Friday, 27 May 2016

The Old Teagarden

Assuming that Google Blogs allows me to upload a photo without spending all day on it, the above is of a little cottage near Bradford on Avon that I once lived in, but I was there about 120 years after this picture was taken. Some of you have seen it before, but some haven't.

John has reminded me of village life, but this place was more of a hamlet than a village, set at the bottom of a very - very - steep hill, and centred around a sweet spring, locally known as 'The Green Man'. We still got tourists who would occasionally turned up looking for a quaint little pub called The Green Man, having been sent there by a traditionally xenophobic farmer. You know the sort - the ones who deliberately turn road signs the wrong way because it amuses them to think of the trouble they have caused.

We had the whole spectrum of society in this place - rich and poor, famous and obscure, the devout middle-class - the Alpha Male literally overlooked my cottage, as he lived about 30 feet above me, half-way up the hill. He could not bear to watch me cutting my lawn with a sickle (hard work, but a lovely, sheep-nibbled type of finish), so he would bring his petrol strimmer down and wordlessly (it could not have been anything but wordless, so loud was it) attempt to take over until I told him to turn the bloody thing off. He had to retire due to heart problems. Not enough physical exercise, I suspect.

A little higher than him lived two lesbians - one young and one older - who seemed to spend most of their time engaged in bitter, public arguments. It really was straight out of 'The Killing of Sister George', and not 'Whatever Happened to Baby Jane' as I wrongly said on John's blog.

There was a very pleasant but very reclusive lady on the other side of the road, and we only communicated with her at the Christmas get-together. The rest of the inhabitants wanted to keep themselves to themselves, so - observing village etiquette at close quarters, we let them.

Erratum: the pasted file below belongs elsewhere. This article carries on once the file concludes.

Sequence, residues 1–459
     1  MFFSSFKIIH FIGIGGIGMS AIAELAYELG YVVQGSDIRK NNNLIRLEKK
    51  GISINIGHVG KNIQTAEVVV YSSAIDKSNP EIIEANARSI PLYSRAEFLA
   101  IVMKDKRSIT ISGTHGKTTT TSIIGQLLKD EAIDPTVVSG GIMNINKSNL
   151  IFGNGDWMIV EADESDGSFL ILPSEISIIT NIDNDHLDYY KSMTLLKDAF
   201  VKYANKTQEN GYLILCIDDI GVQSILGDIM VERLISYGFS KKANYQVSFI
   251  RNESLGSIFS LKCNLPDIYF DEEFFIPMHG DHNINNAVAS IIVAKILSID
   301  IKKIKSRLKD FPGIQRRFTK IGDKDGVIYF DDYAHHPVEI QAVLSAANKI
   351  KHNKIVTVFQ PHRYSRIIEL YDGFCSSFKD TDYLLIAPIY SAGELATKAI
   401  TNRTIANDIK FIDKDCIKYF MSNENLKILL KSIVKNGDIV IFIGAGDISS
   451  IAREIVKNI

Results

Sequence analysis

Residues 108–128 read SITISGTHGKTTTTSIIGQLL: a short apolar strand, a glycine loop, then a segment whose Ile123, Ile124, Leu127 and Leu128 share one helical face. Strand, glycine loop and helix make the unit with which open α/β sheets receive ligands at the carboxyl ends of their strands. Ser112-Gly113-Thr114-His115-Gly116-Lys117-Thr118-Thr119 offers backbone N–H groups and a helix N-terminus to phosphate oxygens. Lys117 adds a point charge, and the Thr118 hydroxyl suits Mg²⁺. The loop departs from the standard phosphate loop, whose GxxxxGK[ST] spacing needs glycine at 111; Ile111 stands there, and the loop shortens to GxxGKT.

Right at the top of the hill was a couple whose daughter was - and still is - best friends with H.I.'s daughter. We didn't see much of them either, as he would leave very early in his Porche, in the never-ending quest for riches. His wife continually campaigned for urban street-lighting around the dark little lane, but was kept down by the rest of us. She would almost scream with panic if I approached her in the lane at night, so I would have to coo, "It's only me..." to calm her down.

The largest dwelling in the place was named after the spring, and housed the couple who were the main instigators of the Christmas parties. To one side of their place was a large chicken-run, and my cottage overlooked it.

I would hear the lady of the house clattering around at dawn with metal buckets full of feed, before she went to work as a nurse. She had the brown skin and black hair of a true Cornishwoman, because this is what she was. I knew she fancied me, and I knew that her and her husband were on the point of parting company, so I tried to stay out of trouble - an uncharacteristically prudent bit of behaviour on my part.

My immediate neighbour was Chris Patten, so there was a constant but discreet police presence in the lanes most weekends. They had already checked me out, which allowed me to drive home at night slightly - just slightly - over the limit, just so long as I didn't ram their cars in the narrow lane.

Almost every Sunday, I would have friends round for a roast lunch. I would prepare the food whilst listening to Mozart's Clarinet Concerto, and I can never hear it now without being taken back to the smell of the roast and the sight of the garden through the open door.

A few years later, I tried to move back to the same area, but it didn't work out. You cannot go back in time and expect to find the same people waiting for you as if no water has gone under the bridge at all.

If you could, then that old woman would still be serving teas, aerated waters and ginger beer.


  1. I love that rickety old table laid out for tea. Was it still part thatched when you were there?

    1. No, the thatch had been replaced with tiles. That wooden porch had gone too. The owner had a barn-type door made which opened in two halves. That was great in the Summer with the top half open.

  2. I wonder if life in the village was as interesting as when you lived there. There was something slightly 1920s about your description (apart from Chris Patten) but I suppose you weren't there in the 1920s were you. I wish I knew a bit of what had gone on in our house which was built in 1888 but nobody ever took any photos of it as far as I know. By the way it is not only farmers who turn road signs around. Someone has made it their lifes work to turn around cycle route signs all over Britain.